Christopher S. Rugaber
AP Economics Writer
WASHINGTON (AP) — Lower tax revenue and massive government spending on the bank bailout pushed the federal deficit to $765 billion in the first five months of the budget year, well on its way to hitting the Obama administration’s projection of a record annual imbalance of $1.75 trillion.
The Treasury Department also said Wednesday that the February deficit reached $192.8 billion. That’s a record for the month and up 10 percent from a year ago, but below analysts’ expectations of $205.7 billion.
With seven months left in the current budget year, which ends Sept. 30, the deficit already has shattered last year’s record annual gap of $454.8 billion.
The huge deterioration in the government’s finances is due to the recession, which has cut into tax revenues, and the large amounts of money being spent from the $700 billion financial rescue plan that Congress passed in October.
The slow economy sharply reduced the government’s tax revenue last month to $87.3 billion, 17 percent below the previous year. The government has collected $860.8 billion in revenue through February, 11 percent below the year-ago period.
Spending, meanwhile, was flat last month at $280.1 billion. But total spending in the first five months of the budget year jumped 32 percent to $1.63 trillion compared with the same period last year.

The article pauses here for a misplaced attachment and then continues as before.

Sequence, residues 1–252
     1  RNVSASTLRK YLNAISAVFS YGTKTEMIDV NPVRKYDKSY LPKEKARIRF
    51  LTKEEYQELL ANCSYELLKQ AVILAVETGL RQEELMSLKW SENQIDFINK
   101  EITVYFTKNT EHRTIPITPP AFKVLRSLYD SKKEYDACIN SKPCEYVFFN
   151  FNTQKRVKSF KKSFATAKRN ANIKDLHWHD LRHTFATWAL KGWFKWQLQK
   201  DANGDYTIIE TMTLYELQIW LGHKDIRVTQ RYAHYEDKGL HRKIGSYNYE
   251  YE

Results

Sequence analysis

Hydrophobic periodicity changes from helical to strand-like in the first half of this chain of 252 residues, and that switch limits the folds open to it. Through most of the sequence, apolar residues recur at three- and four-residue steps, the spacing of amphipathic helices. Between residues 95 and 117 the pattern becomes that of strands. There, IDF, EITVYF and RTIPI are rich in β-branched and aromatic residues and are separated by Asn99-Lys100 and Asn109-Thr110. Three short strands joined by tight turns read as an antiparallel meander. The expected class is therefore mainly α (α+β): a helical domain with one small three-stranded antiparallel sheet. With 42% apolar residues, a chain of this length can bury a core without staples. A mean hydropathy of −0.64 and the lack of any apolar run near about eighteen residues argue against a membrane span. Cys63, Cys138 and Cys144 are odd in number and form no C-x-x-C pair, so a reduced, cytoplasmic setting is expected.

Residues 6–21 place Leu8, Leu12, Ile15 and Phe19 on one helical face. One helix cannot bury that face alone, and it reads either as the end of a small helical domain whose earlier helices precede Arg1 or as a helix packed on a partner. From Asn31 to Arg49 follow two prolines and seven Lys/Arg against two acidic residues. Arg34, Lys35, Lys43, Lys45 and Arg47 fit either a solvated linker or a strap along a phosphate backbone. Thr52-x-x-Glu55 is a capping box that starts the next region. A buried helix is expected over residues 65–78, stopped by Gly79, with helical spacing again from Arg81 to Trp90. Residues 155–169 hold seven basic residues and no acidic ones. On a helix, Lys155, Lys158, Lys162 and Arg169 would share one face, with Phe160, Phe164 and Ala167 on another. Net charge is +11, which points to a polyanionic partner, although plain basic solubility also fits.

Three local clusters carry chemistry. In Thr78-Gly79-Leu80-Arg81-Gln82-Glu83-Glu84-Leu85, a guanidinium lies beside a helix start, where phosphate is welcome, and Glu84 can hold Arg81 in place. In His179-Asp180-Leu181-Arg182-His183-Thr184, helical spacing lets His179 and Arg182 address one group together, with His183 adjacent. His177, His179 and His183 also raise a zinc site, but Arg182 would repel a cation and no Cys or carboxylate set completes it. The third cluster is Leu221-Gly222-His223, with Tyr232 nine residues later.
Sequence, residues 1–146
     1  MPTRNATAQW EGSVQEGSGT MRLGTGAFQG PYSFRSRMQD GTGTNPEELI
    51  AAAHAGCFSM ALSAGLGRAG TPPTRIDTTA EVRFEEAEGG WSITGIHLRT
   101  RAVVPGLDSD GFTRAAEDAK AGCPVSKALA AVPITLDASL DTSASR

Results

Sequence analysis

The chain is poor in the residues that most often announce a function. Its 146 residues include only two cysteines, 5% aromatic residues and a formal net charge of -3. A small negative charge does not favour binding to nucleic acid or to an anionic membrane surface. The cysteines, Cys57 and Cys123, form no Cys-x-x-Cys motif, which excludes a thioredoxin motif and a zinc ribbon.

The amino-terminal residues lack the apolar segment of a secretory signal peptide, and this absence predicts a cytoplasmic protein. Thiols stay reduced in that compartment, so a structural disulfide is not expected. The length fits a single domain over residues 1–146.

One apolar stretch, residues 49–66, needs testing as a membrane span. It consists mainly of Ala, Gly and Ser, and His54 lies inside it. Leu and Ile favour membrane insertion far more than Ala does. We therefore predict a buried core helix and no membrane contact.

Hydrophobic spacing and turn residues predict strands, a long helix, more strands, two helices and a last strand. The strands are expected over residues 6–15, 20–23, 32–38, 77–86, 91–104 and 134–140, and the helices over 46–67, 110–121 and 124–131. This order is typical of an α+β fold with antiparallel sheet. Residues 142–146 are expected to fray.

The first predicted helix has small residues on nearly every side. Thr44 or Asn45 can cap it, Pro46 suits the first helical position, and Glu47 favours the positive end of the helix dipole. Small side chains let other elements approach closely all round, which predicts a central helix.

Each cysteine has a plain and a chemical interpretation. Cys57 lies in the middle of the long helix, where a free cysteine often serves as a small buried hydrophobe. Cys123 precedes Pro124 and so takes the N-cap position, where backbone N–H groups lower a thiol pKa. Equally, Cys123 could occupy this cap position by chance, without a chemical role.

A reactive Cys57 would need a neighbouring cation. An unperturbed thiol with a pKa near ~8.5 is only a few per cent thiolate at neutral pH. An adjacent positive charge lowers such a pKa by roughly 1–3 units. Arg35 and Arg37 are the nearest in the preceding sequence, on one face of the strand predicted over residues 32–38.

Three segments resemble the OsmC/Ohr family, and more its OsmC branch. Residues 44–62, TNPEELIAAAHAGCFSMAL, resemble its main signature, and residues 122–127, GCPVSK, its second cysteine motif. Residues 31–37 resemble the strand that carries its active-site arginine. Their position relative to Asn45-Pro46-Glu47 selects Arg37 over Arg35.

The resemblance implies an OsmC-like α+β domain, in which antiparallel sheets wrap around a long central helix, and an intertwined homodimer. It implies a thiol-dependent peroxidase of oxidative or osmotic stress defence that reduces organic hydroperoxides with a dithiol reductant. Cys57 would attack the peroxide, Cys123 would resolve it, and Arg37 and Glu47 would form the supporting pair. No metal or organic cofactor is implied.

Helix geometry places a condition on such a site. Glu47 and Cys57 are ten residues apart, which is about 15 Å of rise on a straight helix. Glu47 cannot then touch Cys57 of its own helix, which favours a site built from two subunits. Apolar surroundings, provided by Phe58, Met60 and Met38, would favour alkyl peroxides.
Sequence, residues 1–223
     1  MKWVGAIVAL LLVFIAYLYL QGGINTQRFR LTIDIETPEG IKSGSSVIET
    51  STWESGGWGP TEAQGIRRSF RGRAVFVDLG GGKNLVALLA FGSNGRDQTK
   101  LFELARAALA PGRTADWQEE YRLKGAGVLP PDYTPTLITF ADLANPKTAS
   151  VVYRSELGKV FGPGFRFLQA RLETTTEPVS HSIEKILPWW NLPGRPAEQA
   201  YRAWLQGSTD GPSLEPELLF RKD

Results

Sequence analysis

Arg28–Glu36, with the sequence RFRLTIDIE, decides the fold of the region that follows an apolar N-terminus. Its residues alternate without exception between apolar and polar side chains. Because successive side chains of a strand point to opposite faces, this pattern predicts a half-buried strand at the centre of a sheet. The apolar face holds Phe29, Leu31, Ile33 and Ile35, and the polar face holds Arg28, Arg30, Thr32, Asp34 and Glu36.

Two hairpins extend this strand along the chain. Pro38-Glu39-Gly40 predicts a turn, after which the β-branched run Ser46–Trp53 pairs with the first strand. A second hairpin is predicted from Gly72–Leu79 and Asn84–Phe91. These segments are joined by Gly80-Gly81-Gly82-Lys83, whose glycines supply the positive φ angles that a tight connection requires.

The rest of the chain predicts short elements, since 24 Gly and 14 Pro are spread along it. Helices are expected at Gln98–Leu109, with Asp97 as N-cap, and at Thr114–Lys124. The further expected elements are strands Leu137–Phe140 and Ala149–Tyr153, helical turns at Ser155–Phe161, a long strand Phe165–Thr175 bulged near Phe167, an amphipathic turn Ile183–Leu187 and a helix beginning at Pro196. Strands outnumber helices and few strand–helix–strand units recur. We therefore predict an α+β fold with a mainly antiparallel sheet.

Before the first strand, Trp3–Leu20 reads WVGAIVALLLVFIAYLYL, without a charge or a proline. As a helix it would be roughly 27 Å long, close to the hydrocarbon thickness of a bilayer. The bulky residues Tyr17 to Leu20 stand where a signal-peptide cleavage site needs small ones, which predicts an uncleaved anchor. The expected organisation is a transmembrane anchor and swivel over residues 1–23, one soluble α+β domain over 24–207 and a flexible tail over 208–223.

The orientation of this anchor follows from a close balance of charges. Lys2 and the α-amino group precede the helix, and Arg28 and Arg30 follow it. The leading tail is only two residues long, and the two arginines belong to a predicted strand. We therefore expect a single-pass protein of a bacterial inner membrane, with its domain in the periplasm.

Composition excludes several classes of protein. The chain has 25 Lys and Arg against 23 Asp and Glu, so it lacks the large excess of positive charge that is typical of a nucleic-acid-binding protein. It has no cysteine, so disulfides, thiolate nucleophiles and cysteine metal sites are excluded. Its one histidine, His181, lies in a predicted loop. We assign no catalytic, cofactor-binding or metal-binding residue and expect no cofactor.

The government has spent $290 billion on the bank rescue program so far this year, the Treasury Department said in a monthly statement. Most of the aid came as capital injections, which the government has provided to nearly 500 banks.
The government receives preferred shares in return for its investment, which carry a 5 percent dividend. The banks paid about $2.2 billion to the government in dividends last month, the department said.
Separately, President Barack Obama said Wednesday he would sign a $410 billion spending package to fund the government until the end of the year. The bill contains nearly 8,000 pet projects. Critics, including Obama’s campaign rival Sen. John McCain, have denounced those earmarks as pork.
Obama called the bill “imperfect” and insisted it must signal an “end to the old way of doing business.”
The red ink this year also will reflect the $787 billion economic stimulus package that Congress passed last month in an effort to jump-start an economy in the grips of the worst recession in decades. None of that spending is included in the February figures.
The administration’s first budget projects the deficit will drop to $1.17 trillion in 2010, and then to $912 billion in 2011. It projects the deficit will plunge to $581 billion in 2012, and $533 billion in 2013, the year the administration has promised to cut the deficit in half.
But many private forecasters believe the deficit projections, gigantic as they are, will prove optimistic because the administration based them on economic assumptions that are too rosy.